LEWISBURG, Pa. – A judge ruled Thursday that three teenagers will be tried as adults in a rock-throwing incident last summer that severely harmed an Ohio schoolteacher who watched the daylong pretrial hearing as she wore a plastic helmet to protect her still healing injuries.
Judge Michael Sholley said he was not willing to put them back into the juvenile system, where they would age out in less than three years, when an adult could get as much as 25 years for the most serious charges they face. Now 18, they were 17 last July when a rock was dropped from an Interstate 80 overpass and crushed the head of Sharon Budd of Uniontown, Ohio.
Budd said she agreed with the judge's decision and noted she never saw defendants Keefer McGee, Dylan Lahr or Tyler Porter look her in the eye.
The court proceedings were "saddening and sickening," said Budd, who faces a seventh surgery in the coming months. "It's hard to hear all that. I just think that when you're 17 or 18 years old, you know consequences of your actions."
The defense called psychologists and a psychotherapist — one testified in private — as they argued the defendants were good candidates for rehabilitation and that jail or prison time would do more harm than good.
Psychologist John Kelsey said Porter seemed to understand the seriousness of the crime and predicted that with treatment there would be no chance of something similar happening again.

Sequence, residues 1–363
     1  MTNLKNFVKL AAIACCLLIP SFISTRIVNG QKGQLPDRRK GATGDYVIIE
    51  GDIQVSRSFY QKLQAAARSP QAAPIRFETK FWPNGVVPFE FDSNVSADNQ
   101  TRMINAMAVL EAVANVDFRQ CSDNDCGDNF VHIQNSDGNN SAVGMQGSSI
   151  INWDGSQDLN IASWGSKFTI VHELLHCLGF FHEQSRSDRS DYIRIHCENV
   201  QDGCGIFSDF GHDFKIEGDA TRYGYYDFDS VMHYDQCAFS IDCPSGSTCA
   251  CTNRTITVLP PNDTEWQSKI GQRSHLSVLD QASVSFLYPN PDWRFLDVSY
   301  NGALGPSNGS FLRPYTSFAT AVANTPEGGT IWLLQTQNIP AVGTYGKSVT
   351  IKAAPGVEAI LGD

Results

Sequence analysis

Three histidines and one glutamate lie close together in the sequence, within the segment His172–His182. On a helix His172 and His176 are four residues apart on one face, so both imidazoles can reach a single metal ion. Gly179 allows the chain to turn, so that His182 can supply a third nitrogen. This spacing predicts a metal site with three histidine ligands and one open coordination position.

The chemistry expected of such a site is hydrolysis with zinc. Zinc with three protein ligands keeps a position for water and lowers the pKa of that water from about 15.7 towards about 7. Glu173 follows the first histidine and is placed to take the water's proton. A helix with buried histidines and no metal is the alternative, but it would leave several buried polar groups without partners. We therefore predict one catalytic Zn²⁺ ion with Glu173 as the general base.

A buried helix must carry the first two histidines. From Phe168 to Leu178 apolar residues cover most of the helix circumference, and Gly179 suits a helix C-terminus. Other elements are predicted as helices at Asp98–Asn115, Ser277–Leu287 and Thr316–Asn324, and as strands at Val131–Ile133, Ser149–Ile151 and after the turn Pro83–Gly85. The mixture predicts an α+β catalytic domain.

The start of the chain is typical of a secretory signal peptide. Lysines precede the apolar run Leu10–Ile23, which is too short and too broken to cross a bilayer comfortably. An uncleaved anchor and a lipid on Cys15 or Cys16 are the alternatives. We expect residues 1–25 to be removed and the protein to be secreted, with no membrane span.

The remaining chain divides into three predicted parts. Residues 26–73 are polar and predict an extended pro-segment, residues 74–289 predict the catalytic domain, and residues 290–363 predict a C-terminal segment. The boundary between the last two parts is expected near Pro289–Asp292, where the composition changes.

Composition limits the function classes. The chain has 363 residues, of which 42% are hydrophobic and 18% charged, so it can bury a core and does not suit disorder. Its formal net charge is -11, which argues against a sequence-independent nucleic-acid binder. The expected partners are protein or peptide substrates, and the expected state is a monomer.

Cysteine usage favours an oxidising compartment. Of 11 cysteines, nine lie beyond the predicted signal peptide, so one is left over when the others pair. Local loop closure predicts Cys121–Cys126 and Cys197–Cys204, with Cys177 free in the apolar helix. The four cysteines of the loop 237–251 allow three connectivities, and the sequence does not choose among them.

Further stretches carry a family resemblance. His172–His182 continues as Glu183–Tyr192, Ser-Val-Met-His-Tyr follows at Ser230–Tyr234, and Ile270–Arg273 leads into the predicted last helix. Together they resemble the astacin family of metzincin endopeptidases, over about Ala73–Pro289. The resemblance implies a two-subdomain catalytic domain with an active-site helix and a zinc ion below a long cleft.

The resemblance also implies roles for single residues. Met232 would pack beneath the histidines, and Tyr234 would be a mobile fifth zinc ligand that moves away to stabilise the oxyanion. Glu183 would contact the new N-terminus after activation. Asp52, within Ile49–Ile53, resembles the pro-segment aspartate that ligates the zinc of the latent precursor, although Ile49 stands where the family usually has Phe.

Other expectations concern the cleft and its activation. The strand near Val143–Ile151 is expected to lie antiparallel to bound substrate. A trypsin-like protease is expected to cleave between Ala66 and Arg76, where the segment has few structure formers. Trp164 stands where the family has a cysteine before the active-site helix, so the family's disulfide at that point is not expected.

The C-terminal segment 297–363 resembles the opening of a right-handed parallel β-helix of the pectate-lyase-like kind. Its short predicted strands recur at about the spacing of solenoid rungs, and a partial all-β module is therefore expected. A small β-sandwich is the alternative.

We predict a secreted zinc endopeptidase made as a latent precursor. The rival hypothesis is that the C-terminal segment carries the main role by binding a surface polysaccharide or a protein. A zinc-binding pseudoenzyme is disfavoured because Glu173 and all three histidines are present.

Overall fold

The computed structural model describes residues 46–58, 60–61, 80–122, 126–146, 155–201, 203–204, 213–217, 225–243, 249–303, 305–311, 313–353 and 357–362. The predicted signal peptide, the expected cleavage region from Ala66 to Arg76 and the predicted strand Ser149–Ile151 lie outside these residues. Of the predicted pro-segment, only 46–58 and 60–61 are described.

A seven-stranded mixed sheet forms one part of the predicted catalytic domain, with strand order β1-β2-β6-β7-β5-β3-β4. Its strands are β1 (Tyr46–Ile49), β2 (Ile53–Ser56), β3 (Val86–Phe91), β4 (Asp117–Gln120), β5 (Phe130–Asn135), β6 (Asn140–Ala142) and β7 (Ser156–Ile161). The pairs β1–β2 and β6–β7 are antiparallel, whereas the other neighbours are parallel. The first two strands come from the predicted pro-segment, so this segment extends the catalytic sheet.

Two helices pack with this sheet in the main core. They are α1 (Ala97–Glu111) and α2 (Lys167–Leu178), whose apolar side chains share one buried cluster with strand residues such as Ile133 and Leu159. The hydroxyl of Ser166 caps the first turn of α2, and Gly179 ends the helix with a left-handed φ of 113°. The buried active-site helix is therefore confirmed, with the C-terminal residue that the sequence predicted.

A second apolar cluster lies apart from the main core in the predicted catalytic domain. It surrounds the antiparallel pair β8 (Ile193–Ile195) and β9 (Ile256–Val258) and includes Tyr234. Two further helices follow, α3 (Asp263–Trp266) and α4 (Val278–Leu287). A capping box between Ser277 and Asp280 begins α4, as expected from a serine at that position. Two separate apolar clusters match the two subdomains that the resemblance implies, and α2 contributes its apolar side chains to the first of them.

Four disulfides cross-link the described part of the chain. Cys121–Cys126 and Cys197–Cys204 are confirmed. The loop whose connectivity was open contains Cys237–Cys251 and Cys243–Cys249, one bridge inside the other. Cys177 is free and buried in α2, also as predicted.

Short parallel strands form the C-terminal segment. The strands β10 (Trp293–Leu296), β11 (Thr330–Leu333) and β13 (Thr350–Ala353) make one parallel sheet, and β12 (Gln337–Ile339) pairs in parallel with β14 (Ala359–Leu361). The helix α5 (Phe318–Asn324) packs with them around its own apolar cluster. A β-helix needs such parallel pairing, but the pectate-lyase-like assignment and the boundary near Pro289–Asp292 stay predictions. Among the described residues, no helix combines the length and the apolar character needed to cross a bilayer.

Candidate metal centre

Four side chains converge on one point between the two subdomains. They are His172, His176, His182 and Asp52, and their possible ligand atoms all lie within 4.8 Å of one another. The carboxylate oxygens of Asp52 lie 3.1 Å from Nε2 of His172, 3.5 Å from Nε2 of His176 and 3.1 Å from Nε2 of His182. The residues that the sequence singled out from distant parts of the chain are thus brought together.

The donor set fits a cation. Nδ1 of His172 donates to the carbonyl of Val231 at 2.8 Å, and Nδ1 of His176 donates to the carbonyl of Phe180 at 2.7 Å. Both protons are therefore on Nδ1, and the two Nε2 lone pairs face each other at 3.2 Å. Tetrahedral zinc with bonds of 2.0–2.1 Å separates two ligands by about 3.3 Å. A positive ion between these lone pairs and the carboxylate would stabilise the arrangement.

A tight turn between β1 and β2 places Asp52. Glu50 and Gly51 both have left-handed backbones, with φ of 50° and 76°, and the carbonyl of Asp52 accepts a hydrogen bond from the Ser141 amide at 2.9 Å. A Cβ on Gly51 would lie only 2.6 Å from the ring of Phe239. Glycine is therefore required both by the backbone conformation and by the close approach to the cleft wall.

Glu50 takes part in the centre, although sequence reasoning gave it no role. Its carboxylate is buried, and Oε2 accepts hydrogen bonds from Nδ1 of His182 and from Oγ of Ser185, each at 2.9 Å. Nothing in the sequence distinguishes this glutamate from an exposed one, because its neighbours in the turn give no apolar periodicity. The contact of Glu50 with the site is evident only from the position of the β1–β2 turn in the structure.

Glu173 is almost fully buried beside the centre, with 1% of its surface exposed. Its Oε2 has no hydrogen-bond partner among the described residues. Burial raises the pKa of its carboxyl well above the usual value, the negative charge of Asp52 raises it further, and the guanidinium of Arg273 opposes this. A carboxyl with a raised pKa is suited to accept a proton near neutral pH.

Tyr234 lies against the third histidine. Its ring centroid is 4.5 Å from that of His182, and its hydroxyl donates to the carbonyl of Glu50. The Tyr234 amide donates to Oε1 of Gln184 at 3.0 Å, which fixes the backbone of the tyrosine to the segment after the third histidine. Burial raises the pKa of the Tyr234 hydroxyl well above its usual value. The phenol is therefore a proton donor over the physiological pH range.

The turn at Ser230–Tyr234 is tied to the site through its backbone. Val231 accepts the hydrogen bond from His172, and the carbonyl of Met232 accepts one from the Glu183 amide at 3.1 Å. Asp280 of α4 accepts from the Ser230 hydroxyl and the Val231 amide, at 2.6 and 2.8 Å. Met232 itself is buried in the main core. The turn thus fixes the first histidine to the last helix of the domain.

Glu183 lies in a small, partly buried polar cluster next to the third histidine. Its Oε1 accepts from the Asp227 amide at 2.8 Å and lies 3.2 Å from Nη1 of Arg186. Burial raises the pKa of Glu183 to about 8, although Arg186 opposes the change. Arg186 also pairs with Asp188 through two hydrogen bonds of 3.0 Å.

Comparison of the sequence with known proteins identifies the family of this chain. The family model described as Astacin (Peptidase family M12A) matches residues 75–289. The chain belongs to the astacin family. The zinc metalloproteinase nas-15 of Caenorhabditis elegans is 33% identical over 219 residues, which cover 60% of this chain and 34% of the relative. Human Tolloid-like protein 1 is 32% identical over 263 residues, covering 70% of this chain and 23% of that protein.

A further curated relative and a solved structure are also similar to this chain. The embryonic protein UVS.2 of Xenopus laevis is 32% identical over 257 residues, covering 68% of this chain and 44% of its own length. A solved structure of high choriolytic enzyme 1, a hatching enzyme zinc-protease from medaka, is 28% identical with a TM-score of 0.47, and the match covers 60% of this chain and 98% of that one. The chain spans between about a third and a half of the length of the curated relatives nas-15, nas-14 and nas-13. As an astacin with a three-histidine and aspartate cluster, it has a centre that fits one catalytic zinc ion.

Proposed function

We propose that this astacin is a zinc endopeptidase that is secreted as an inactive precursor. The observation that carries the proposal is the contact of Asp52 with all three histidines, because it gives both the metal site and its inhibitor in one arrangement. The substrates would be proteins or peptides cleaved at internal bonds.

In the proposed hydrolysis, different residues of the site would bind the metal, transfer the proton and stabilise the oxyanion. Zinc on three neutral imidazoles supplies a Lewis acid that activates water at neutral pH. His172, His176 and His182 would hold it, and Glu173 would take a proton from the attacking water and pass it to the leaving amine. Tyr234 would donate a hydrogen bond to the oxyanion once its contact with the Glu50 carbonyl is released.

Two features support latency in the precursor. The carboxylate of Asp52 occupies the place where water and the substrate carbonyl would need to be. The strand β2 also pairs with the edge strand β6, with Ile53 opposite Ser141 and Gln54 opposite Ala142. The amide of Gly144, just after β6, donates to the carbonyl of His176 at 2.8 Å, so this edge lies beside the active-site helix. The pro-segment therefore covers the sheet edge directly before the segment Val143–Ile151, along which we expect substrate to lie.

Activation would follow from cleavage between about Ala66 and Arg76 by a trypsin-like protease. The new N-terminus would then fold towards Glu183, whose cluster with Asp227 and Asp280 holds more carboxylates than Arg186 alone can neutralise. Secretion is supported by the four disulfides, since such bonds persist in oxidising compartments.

Anthony Butto, McGee's psychotherapist, said he had a strong family and had expressed sorry and empathy for Budd.
"Putting someone like Keefer McGee in jail would almost guarantee that something bad is going to happen to him," Butto said. "He's not going to be a good person coming out."
Lahr's psychologist, who did not appear in open court, said Lahr faces a set of challenges and recommended he be sent to a treatment facility, said his lawyer, Bruce Manchester.
"The impact on the Budd family is horrific. No ifs, ands or buts. Horrific. That is a major consideration to be taken in by the court. But that I submit has to be balanced off against what is going to take place with or without the court's intervention," Manchester said, noting all three defendants are likely to be out of custody eventually.
Sholley said that if it wasn't for modern medicine, the three defendants would probably have been facing some sort of homicide charges instead of aggravated assault.
A fourth defendant, Brett Lahr, who was 18 at the time, began serving jail time earlier this month even though Sholley hasn't yet accepted his no contest plea to a conspiracy charge. The prosecutor said that could happen in June.
Budd's husband Randy, who supported the judge's decision, said after the hearing that punishment "can be a very good fix."
"And after the punishment, they always have the opportunity for rehabilitation if that didn't do it," Randy Budd said.
The four were arrested shortly after the nearly 5-pound rock crashed through the windshield of the vehicle in which the Budds had been riding. They were driving through Pennsylvania, late at night, on their way to see a show in New York.
Sharon Budd has required intensive treatment and a series of surgeries to address severe brain injuries and massive damage to her skull. She said Thursday she has begun to ponder an eventual return to the classroom — she taught middle school language arts before the attack.
During a preliminary hearing in August, McGee testified for the prosecution that he and the other three planned to do some damage but did not anticipate they would cause the injuries that Sharon Budd suffered.
Union County District Attorney Pete Johnson said that despite the juvenile court request, McGee has continued to cooperate with prosecutors.
The defendants face charges of aggravated assault, conspiracy, trespassing, propelling missiles into occupied vehicles, agricultural vandalism and reckless endangerment.